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Business models in strategic management
Business models in strategic management

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2.1 The product business model

This is probably the most common form of business model: selling products or services to clients, intended as final customers but also other businesses.

The rationale behind this business model is that the producer, or the seller, offers a product or service on the market. The value chain requires just a limited interaction after the purchase. The customer benefits of the value of the product are after its purchase: for instance, a customer will use shampoo after they have purchased it from the supermarket.

The following animation represents this model.

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Animation 1 Product business model
Interactive feature not available in single page view (see it in standard view).

Business models of this type need to:

  • identify who customers are;
  • understand how to create demand for their products/services;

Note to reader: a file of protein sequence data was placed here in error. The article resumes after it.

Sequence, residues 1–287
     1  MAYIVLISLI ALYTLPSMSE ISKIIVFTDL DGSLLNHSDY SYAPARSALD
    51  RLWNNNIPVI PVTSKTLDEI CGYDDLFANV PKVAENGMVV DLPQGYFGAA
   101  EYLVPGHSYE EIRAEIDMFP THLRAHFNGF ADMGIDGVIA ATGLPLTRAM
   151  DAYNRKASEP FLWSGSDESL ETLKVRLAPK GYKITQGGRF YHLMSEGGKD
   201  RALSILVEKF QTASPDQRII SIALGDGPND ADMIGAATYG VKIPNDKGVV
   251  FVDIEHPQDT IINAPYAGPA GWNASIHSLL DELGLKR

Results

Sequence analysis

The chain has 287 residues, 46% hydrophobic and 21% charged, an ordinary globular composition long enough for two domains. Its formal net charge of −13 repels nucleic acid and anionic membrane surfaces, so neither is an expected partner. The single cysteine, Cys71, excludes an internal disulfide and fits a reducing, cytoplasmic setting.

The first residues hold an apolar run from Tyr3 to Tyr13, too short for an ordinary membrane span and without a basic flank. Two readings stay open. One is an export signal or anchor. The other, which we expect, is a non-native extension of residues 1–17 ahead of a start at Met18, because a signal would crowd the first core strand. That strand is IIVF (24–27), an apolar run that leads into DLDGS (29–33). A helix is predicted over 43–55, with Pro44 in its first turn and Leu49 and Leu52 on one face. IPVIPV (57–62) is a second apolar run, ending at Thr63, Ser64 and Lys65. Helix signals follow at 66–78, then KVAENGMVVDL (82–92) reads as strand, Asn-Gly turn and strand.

• decide how to capture value: this includes the definition of the unit price and some discounts for quantity.

It could also include the introduction of more articulated mechanisms such as freemium. A combination of the words ‘free’ and ‘premium’, a freemium is defined as:

a type of business model that involves offering customers both complementary and extra-cost services. A company provides simple and basic services for free for the user to try; it also offers more advanced services or additional features at a premium.

(Segal, 2019)

An example of freemium is Skype. The software can be downloaded at no cost and its basic service is free to use. For example, there is no charge for calling from a computer to another computer. However, in addition to these basic services available for free, Skype offers some premium services customers need to pay for. These services include computer-to-computer calls involving large numbers of users and computer-to-phone calls.